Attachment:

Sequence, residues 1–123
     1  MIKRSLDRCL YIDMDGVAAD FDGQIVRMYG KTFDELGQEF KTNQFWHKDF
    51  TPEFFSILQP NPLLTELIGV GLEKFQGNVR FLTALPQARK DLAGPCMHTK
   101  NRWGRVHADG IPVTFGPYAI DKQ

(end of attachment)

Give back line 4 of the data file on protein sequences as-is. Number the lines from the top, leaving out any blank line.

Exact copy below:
   101  NRWGRVHADG IPVTFGPYAI DKQ